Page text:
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BTW, Theodore, I bet most people (myself included) would never have thought of using Crazy Dice for a "professional" performance. It just goes to show the value in your entertainment ability and your creativity.

While we are on the subject of Crazy Die... I'm wondering if anyone has ever seen Crazy Die props large enough to fit a "Die-Namic" die. I just love the Die-Namic die routine.

KJ
Theodore Lawton
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I think it would be cool to make a larger Crazy Cube prop. I guess no one has considered it worthwhile since it's a "kids" magic trick.

I know Christopher Lyle uses it professionally. I'd love to hear his work on it.

And thanks for adding Die Namic to my wish list!

Smile
Mortimer Graves
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You could use a well-contrasted foam or even fuzzy die (the ones people hang from their rear-view mirrors), and a couple of differently-sized coffee cans (the ones with the plastic lids...).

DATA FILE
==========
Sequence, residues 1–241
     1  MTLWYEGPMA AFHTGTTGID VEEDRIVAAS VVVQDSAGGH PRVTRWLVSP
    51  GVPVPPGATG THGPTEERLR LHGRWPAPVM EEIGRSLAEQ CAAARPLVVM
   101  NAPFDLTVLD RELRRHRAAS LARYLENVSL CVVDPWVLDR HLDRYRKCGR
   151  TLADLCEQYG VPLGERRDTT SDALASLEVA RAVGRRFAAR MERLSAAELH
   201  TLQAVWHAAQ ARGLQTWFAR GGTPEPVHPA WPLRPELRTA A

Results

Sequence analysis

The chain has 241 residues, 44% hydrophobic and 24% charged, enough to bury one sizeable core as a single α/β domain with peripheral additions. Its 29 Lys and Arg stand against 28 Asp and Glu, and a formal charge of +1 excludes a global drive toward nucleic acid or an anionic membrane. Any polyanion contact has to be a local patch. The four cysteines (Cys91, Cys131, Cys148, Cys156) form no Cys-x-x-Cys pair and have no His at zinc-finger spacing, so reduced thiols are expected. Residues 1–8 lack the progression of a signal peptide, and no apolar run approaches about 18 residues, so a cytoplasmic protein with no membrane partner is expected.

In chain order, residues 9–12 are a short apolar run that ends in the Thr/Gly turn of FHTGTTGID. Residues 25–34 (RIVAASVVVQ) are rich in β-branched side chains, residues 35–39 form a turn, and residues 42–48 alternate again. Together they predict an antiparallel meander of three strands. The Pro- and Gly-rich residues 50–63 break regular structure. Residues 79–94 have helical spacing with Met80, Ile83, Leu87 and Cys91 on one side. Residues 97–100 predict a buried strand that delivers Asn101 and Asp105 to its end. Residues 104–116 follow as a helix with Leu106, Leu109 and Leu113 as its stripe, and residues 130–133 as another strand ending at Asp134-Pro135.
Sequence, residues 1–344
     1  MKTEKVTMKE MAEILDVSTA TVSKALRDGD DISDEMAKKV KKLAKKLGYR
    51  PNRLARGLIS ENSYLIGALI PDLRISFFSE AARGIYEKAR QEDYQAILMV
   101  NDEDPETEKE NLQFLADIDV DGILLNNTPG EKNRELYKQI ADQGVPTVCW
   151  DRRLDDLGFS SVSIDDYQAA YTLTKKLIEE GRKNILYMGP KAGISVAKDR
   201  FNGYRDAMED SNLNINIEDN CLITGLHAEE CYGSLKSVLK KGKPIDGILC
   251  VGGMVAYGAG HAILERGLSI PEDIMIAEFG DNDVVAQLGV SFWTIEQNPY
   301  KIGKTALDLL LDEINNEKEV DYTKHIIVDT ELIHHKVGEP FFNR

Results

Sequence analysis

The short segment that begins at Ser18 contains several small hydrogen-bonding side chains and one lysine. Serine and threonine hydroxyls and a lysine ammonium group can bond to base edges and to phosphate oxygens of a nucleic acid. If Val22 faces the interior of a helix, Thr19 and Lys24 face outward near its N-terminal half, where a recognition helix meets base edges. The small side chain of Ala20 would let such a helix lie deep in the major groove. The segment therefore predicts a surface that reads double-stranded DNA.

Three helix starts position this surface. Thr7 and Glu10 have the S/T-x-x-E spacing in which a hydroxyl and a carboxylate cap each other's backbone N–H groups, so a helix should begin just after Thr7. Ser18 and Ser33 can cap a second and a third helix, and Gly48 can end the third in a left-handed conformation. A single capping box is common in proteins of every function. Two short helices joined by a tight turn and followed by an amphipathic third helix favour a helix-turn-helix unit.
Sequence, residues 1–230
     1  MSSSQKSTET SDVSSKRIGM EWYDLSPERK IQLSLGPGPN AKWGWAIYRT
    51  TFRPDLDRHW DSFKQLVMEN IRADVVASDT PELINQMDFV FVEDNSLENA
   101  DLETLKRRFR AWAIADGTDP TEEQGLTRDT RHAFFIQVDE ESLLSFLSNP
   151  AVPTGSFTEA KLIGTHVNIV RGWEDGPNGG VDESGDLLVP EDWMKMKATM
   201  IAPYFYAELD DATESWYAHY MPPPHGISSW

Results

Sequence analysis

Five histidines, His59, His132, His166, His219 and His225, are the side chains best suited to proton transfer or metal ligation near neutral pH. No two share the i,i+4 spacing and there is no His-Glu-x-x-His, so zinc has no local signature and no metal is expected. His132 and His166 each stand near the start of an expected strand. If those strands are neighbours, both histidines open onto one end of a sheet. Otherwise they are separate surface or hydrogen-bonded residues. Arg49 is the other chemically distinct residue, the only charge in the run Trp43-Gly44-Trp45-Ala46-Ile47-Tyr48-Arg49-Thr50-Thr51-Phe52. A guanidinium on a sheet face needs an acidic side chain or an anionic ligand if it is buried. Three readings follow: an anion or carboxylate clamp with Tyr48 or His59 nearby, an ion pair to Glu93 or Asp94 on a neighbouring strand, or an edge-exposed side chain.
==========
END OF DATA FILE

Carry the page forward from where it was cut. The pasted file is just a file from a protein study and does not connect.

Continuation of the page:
As long as it functions correctly, you can qualify the prop through presentation. Even the ordinariness of the props used can make it all the more entertaining and convincing.

There are a lot of options when it comes to adapting close-up magic to the stage. And a lot of them don't even really cost anything.
'Tis an ill wind that blows no minds.

Hastur, Hastur, Hastur! See? Nothing hap-

...and if we rub each other the wrong way, let's try going in another direction. - Pokey the Porcupine
Christopher Lyle
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I use the original crazy cube as it has been sold. My routine will likely appear in my next book. Stay tuned.
In Mystery,


Christopher Lyle
Magician, Comic, Daredevil, and Balloon Twisting Genius
For a Good Time...CLICK HERE!